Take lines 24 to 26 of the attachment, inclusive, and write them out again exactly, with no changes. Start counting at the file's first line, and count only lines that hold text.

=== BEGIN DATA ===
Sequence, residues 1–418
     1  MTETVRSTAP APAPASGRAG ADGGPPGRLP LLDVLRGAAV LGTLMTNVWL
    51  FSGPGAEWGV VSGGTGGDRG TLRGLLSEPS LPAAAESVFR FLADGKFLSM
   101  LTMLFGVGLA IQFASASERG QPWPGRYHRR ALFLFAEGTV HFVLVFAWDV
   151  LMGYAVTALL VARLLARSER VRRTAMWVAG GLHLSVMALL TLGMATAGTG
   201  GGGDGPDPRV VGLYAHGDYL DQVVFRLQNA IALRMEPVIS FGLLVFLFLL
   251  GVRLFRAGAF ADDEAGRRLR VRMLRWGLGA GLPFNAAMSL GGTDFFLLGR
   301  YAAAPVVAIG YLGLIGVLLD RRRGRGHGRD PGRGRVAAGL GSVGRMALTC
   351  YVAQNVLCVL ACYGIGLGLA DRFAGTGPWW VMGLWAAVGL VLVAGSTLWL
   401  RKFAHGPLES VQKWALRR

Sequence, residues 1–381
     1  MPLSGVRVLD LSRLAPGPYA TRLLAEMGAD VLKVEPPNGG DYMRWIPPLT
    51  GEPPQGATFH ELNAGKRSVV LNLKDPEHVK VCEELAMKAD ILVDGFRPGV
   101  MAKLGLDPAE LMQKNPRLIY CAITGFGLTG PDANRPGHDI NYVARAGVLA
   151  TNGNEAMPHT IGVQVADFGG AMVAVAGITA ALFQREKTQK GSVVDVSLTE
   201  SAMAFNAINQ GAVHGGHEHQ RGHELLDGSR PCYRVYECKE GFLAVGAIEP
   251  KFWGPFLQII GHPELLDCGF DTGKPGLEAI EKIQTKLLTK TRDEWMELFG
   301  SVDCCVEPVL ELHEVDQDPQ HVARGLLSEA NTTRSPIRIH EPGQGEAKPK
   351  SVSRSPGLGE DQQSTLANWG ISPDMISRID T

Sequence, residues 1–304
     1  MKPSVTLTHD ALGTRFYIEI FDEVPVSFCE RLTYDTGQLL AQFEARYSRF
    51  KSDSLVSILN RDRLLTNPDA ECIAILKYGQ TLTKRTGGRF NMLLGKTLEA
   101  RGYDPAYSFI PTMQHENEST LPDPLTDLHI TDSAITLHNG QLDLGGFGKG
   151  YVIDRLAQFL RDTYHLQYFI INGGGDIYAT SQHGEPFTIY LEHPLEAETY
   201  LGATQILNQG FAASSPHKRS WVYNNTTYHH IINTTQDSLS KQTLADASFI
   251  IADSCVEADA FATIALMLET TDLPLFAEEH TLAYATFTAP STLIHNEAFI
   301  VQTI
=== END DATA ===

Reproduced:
   151  YVIDRLAQFL RDTYHLQYFI INGGGDIYAT SQHGEPFTIY LEHPLEAETY
   201  LGATQILNQG FAASSPHKRS WVYNNTTYHH IINTTQDSLS KQTLADASFI
   251  IADSCVEADA FATIALMLET TDLPLFAEEH TLAYATFTAP STLIHNEAFI